Psychiatric Annals

Guest Editorial Free

Autism Spectrum Disorder

Ahsan Nazeer, MD

It is a pleasure to serve as guest editor of this issue of Psychiatric Annals on autism spectrum disorder (ASD). This issue is timely considering the recent focus on a dyadic definition of core symptoms in the Diagnostic and Statistical Manual of Mental Disorders, fifth edition,1 and an increase in the prevalence of ASD, which now stands at 1 in 59 children nationally.2 ASD is a multifactorial disorder with rapidly evolving scientific literature on its etiology, diagnosis, and treatments, and there are numerous exciting developments in our understanding of this disorder because of cutting-edge research in genetics and neuroimaging.

The issue covers a variety of topics including history, genetics, and nonpharmacological/pharmacological treatments of ASD. The first article, “Autism Spectrum Disorder: A Concept in Evolution,” by myself, Dr. Nehdia Hashemi, Dr. Nazish Imran, and Dr. Muhammad Waqar Azeem provides a comprehensive overview of the history of ASD. Historically, research on autism has lagged behind that of other developmental disorders, mostly because of the flawed constructs during the first 30 years of its inception. In this article, we have identified relevant personalities and milestones that are important for readers to understand before appreciating the ongoing discussions about its prevalence and diagnostic criteria.

In the second article, “Genetics of Autism Spectrum Disorder: An Update,” Drs. Salma Malik, Yasser Saeed Khan, Robert Sahl, Khalid Elzamzamy, and myself review the current understanding of the genetics of autism and describes both common and rare genetic variations that contribute to autism. We have briefly highlighted recent findings in the field of autism genetics including the role of copy number variations and the interactions between gene and the environment. At the end of the article, we discuss the clinical implications that are important for psychiatrists, pediatricians, and primary care physicians to know to make a timely diagnosis and provide appropriate treatment.

In the next article, “Evidence-Based Treatments of Autism Spectrum Disorder,” Drs. Nahed Alateeqi and Maria Fatima Janjua explain the nonpharmacological therapies for early interventions along with evidence of their effectiveness. Presently, there are no established pharmacological interventions to treat the core symptoms of ASD. Therefore, behavioral, developmental, and educational approaches are recommended as primary treatments to minimize core deficits in people with ASD and to maximize their functional independence and quality of life.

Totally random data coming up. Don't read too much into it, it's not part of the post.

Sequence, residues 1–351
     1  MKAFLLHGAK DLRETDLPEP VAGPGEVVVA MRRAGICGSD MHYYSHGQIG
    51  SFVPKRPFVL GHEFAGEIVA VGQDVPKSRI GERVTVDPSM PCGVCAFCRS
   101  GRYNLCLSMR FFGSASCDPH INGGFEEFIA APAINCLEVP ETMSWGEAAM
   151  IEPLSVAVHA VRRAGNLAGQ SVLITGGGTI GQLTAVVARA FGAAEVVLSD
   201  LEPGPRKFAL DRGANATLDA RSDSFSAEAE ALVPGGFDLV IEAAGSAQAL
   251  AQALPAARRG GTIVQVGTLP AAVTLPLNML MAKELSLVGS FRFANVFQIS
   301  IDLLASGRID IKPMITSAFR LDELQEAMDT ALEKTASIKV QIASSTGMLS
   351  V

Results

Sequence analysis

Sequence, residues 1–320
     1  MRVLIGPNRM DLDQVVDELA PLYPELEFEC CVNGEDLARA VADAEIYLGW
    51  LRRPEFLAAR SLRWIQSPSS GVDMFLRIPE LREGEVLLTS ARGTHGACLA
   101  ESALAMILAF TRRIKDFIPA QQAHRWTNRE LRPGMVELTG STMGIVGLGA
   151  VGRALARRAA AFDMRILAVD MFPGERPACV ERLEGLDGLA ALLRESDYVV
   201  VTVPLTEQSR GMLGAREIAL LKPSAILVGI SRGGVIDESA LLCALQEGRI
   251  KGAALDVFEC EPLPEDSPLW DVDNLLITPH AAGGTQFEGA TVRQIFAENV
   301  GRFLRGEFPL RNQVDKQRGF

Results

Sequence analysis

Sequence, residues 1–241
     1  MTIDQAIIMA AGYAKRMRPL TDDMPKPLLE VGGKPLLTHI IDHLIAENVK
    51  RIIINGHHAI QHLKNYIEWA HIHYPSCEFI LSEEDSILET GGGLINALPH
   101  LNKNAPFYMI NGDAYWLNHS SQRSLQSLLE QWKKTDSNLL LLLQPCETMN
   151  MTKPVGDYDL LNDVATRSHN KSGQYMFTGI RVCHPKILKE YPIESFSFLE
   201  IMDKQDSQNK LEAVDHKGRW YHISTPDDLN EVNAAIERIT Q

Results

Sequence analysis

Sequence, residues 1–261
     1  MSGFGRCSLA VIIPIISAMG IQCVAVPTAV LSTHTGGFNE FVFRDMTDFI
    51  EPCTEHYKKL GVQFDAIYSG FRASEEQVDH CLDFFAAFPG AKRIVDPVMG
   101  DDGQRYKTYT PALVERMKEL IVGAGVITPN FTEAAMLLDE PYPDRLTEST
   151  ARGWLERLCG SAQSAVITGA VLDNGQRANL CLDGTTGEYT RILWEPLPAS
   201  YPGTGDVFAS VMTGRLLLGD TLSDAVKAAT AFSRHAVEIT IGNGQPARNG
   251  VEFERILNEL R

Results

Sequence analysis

In the final article, “Psychopharmacology of Autism Spectrum Disorder,” Dr. Joseph L. Calles, Jr. presents a brief overview of current and potential psychopharmacologic agents for the treatment of psychiatric comorbidities in children and adolescents with ASD. Dr. Calles also discusses the role of novel agents, including pioglitazone, balovaptan, and L1-79, a tyrosine hydroxylase inhibitor, as the potential breakthrough agents in the treatment of ASD. Additionally, he emphasizes the importance of a comprehensive assessment as outward manifestations of behaviors (eg, self-aggression) are common in people with ASD and can be the result of undetected physical or emotional disorders.

I am humbled and thankful for the remarkable support of my colleagues, contributing authors, and co-authors. They are all well-respected clinicians, educators, and researchers in the field of child and adolescent psychiatry. We are all hopeful that you will find these articles useful in your clinical practice.


  1. American Psychiatric Association. Diagnostic and Statistical Manual of Mental Disorders. 5th ed. Arlington, VA: American Psychiatric Publishing; 2013.
  2. Baio J, Wiggins L, Christensen DL, et al. Prevalence of autism spectrum disorder among children aged 8 years - Autism and Developmental Disabilities Monitoring Network, 11 sites, United States, 2014. MMWR Surveill Summ. 2018;67(6):1–23. doi:. doi:10.15585/mmwr.ss6706a1 [CrossRef]
Ahsan Nazeer, MD

Ahsan Nazeer, MD, is the Division Chief, Child and Adolescent Psychiatry, Sidra Medicine.

Address correspondence to Ahsan Nazeer, MD, Sidra Medicine, PO Box 26999, Al Luqta Street, Education City North Campus, 2nd Mezzanine, OPC, Office C2M 224, Qatar Foundation, Doha, Qatar; email:

Disclosure: The author has no relevant financial relationships to disclose.


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